Echocardiographic guidance and monitoring of transcatheter mitral valve replacement in severe mitral annular calcification and failing bioprostheses; mid-term follow-up data are encouraging: P1-121


Aurora Cardiovascular Services

Aurora Sinai/Aurora St. Luke's Medical Centers

Presentation Notes

Poster presented at: 2017 ASE 27th Annual Scientific Sessions, June 2-6, 2017; Baltimore, MD.


Background: Transcatheter mitral valve replacement (TMVR) with an Edwards Sapien XT valve has emerged to treat high-risk patients with severe mitral calcific stenosis or failing bioprostheses, yet limited data are available on outcomes beyond one year. Echocardiography is used to both intraprocedurally guide placement of TMVR and to follow prosthesis function.

Methods: We evaluated clinical and echocardiographic variables of patients who received TMVR at our institution.

Results: Baseline characteristics of 9 patients are listed in the Table. All patients were deemed extreme risk by our Heart Team; TMVR was performed via transapical approach (n=8) or redo sternotomy (n=1). TMVR sizing was based on computed tomography angiography (26 mm [n=5], 29 mm [n=4]). All were placed on cardiopulmonary bypass for a brief period during deployment (3-9 mins) while transesophageal echocardiography was used to ensure proper seating of the valve and to minimize impingement of the left ventricular outflow tract (LVOT) by the valve stent. Complications included tamponade aft er deployment (n=1) requiring pericardial window, moderate paravalvular regurgitation (PVL) (n=1) treated with vascular plug, non-debilitating stroke 24 hours post deployment (n=1), and asymptomatic dynamic LVOT obstruction (n=1). One patient died 72 hours after combined TMVR/transcatheter aortic valve replacement from mesenteric ischemia, but the remaining 8 patients are alive with symptom improvement, mitral mean gradient 5.8 mmHg±3.02 mmHg, decreased pulmonary artery systolic pressure (PASP) (49.6±13.1 mmHg), and ≤ mild PVL. At mean follow-up of 15.5 months (range 4-26), there was a slight increase in the mean mitral valve gradient (mean increase 2.35±1.8) from the immediate postprocedure echocardiogram, but no change in regurgitation. Four patients with >1 year follow-up are clinically doing well.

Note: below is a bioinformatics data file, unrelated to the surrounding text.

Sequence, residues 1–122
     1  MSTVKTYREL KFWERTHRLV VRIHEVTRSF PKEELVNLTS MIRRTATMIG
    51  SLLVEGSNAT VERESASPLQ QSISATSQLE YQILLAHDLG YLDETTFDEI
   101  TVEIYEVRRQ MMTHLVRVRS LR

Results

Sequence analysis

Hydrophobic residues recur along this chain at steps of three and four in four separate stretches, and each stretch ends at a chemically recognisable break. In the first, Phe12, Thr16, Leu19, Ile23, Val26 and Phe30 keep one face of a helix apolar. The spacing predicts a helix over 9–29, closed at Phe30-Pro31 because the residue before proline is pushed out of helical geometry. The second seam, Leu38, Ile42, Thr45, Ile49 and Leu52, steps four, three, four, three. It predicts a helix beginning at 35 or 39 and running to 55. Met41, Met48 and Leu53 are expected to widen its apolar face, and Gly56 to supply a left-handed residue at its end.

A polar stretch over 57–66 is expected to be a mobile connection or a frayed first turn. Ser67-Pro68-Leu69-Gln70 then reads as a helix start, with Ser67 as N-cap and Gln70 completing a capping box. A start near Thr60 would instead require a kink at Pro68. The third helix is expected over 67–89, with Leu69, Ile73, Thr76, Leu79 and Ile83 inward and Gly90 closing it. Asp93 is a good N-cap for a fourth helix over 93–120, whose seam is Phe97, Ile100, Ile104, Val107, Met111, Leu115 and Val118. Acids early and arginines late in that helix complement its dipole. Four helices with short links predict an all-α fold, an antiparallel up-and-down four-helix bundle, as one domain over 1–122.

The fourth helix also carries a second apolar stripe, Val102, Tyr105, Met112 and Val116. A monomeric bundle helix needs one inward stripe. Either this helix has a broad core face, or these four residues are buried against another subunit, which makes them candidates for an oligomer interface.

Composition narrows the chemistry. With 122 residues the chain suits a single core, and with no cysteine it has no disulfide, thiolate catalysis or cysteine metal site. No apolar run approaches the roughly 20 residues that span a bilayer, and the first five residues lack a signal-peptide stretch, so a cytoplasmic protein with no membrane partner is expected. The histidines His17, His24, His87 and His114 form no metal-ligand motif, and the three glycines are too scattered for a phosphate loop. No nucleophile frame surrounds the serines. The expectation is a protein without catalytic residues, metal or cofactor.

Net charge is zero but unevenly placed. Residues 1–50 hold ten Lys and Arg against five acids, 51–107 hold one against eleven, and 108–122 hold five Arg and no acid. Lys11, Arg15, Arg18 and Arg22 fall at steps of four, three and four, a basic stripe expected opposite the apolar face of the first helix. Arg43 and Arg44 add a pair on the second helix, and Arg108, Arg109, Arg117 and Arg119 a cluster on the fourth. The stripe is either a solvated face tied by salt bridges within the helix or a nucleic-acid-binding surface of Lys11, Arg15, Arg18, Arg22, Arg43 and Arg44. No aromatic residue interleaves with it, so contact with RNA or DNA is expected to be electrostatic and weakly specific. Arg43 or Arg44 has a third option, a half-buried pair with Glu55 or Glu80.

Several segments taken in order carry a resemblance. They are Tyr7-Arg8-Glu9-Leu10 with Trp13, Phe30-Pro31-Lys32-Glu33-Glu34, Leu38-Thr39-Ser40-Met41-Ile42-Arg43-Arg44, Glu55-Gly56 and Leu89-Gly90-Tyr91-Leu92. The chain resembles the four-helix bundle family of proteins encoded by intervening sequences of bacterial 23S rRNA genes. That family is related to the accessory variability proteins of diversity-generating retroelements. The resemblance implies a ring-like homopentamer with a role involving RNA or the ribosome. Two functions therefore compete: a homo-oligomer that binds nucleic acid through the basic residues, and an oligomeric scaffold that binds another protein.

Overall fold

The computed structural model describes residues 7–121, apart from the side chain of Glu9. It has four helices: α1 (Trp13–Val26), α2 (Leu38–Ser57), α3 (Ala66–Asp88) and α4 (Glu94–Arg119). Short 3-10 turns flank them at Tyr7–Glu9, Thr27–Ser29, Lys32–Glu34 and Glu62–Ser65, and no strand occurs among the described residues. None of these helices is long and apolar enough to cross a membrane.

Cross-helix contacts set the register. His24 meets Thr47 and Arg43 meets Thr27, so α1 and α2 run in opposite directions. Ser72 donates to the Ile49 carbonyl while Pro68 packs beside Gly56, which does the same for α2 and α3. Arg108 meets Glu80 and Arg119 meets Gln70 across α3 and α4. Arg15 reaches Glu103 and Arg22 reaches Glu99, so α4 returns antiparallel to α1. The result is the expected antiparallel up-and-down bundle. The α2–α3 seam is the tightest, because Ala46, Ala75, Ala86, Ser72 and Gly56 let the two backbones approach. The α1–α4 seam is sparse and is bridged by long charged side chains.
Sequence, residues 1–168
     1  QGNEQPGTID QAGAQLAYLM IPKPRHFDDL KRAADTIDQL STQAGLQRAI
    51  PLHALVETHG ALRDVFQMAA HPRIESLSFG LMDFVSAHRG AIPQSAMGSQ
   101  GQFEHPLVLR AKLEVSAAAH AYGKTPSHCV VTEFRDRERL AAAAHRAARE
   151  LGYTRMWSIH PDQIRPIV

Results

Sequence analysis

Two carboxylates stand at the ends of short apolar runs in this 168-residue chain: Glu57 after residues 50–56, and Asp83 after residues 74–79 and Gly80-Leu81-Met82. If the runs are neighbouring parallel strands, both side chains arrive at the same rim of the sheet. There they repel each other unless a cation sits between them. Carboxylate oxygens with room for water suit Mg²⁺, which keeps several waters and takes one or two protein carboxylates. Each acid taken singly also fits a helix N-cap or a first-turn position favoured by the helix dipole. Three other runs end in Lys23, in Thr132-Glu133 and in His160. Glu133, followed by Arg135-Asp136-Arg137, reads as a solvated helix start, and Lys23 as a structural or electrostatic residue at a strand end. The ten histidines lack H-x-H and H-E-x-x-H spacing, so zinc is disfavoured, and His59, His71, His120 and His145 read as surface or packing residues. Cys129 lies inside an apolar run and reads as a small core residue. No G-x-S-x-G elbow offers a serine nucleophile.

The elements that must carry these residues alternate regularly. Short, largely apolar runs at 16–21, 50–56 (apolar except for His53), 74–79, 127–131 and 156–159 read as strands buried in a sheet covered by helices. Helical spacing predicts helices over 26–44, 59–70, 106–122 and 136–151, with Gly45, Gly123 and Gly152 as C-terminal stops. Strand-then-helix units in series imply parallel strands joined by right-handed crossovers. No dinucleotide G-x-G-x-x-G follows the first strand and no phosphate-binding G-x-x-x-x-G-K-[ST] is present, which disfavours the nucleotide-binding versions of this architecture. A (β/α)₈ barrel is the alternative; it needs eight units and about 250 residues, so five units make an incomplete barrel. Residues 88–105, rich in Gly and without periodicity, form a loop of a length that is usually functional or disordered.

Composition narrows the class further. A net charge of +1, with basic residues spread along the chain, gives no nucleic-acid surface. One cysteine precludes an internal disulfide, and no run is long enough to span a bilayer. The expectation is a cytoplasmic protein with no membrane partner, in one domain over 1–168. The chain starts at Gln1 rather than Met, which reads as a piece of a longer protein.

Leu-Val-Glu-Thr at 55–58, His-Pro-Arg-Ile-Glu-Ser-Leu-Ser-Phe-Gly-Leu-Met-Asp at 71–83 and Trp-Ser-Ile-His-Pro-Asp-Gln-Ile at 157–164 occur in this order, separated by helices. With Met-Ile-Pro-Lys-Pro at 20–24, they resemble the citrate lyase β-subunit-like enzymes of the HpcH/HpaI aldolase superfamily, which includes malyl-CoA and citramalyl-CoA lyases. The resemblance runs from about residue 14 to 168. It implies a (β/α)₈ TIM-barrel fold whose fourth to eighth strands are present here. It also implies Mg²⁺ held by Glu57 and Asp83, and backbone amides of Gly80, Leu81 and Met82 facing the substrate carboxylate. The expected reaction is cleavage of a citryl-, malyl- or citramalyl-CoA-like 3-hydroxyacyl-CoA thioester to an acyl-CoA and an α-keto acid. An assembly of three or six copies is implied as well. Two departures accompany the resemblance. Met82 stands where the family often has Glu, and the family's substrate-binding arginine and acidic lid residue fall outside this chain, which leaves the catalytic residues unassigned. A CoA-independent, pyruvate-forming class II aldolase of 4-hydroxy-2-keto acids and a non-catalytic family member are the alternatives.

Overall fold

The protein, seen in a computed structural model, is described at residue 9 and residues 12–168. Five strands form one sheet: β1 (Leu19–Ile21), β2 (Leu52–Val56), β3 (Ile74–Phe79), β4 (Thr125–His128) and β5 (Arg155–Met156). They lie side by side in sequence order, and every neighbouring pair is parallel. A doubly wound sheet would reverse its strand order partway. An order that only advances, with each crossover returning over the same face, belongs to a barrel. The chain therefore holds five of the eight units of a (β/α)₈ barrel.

Conclusion: TMVR is associated with favorable short- and mid-term outcomes. Transesophageal echocardiography performed during the procedure is essential for minimization of complications, and when performed during cardiopulmonary bypass, allows for adequate time to optimize stent depth. Follow-up beyond 1 year suggests stable mitral prosthetic valve function without echocardiographic or clinical evidence of degeneration.

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